“Owes us an apology and a promise he won’t do it again?” Seriously? What’s next? A public hearing? A public flogging where you can pelt him with rocks and garbage? General managers and team executives select players, sign them and make personnel moves based on the situations at the time. If they win, that’s the reward. If they lose, that’s the punishment. The Jaguars will move on from quarterback Blake Bortles and they’ll forge another plan with the resources they have. They’ll put that plan into place, hope it works – and yes, they’ll hope the roster stays healthy enough to give it a chance to work. But there won’t be any apologies, nor should there be. That’s silliness.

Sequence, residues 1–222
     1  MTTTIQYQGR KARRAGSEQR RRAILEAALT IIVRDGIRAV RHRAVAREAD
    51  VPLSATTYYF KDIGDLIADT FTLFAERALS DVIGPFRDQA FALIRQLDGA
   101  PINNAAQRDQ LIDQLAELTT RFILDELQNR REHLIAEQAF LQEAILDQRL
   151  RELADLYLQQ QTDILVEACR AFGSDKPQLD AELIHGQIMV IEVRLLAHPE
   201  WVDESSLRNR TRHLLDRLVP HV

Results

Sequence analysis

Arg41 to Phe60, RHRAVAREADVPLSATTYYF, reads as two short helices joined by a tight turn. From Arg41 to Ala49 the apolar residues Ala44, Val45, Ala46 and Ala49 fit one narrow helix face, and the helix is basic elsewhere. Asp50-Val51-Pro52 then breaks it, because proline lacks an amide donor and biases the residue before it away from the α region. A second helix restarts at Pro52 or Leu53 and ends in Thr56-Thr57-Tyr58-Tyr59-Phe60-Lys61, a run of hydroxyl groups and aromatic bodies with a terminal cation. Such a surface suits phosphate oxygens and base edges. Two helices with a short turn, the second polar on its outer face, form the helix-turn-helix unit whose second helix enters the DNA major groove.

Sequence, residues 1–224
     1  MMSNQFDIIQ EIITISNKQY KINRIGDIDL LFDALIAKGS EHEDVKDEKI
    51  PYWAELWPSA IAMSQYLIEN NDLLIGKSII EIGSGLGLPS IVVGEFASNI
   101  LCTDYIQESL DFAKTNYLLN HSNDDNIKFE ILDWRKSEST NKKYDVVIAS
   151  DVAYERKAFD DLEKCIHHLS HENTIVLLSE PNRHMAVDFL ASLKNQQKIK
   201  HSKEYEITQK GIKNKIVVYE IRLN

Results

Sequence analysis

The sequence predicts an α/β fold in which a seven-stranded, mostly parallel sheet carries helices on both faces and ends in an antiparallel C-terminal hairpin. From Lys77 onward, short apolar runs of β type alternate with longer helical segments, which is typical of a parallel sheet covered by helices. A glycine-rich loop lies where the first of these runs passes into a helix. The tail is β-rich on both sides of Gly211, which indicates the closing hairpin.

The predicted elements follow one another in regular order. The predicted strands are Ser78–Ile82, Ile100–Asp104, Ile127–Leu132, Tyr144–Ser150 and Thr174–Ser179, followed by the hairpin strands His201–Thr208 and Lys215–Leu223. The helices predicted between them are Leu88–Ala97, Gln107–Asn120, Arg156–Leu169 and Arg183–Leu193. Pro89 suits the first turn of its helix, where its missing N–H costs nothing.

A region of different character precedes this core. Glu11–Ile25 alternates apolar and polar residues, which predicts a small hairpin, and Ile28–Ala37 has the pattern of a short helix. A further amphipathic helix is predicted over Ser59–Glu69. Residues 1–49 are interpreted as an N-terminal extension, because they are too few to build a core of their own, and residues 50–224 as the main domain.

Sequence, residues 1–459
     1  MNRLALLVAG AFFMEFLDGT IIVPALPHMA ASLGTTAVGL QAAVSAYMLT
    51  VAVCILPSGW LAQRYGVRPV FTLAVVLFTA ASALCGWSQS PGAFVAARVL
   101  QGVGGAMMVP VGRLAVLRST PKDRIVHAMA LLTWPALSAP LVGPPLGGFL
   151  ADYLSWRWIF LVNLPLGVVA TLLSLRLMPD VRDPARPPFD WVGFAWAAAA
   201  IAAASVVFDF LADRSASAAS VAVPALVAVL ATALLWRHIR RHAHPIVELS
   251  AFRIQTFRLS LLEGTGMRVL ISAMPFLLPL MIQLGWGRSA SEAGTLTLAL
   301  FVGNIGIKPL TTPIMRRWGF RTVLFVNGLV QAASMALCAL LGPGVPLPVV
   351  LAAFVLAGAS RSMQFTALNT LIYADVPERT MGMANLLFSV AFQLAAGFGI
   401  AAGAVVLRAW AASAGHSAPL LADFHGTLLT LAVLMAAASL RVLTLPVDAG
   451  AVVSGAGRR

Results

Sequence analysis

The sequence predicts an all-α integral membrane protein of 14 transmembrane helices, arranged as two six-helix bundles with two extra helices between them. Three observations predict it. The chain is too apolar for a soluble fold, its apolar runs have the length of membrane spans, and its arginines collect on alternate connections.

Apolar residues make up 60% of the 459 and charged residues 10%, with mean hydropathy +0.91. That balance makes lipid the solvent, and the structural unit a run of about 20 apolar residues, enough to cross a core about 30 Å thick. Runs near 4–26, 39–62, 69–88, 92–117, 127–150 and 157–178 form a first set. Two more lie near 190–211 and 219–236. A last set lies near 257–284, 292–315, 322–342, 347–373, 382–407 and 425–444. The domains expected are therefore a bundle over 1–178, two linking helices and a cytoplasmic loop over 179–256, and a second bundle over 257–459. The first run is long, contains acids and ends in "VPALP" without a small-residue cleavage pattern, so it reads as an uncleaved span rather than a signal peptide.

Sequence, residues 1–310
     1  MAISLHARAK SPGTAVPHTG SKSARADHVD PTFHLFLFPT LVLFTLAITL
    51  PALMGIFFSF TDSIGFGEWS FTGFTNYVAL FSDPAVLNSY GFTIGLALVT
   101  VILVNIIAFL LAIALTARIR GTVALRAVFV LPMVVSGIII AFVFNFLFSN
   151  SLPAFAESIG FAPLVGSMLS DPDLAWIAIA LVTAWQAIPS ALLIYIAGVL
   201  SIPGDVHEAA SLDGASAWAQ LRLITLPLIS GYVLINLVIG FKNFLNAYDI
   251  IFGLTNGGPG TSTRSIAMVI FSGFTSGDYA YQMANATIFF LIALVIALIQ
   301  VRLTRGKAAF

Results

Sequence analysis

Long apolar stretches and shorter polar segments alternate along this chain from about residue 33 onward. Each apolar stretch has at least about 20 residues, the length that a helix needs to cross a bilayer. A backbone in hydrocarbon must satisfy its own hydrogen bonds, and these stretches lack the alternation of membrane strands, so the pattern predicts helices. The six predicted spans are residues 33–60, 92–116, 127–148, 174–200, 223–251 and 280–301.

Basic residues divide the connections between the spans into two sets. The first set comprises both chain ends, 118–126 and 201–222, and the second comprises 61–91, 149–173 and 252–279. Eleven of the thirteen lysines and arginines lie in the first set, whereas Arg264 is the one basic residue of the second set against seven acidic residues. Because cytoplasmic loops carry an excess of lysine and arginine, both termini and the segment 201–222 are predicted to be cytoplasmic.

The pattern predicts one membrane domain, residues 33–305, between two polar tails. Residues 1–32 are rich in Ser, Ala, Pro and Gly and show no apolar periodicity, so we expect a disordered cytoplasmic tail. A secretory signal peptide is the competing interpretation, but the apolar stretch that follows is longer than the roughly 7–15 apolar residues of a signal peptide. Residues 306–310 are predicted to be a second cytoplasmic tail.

George from Roseville, CA
All this talk about only a few teams could be interested in Foles. Who do you think might be a long shot? Any chance we see New England announce a Tom Brady retirement and jump on Foles? (I might have too much time on my hands!)
Talk this week that Foles could have a smaller-than-expected market when he hits free agency is intriguing. On the one hand, it seems the Jaguars could be one of the few teams showing serious interest. On the other hand, it’s hard to believe only one team would be pursuing the best quarterback available. On the third hand … no, I don’t see Brady retiring in the next week – or the Patriots pursuing Foles.
Matt from Jacksonville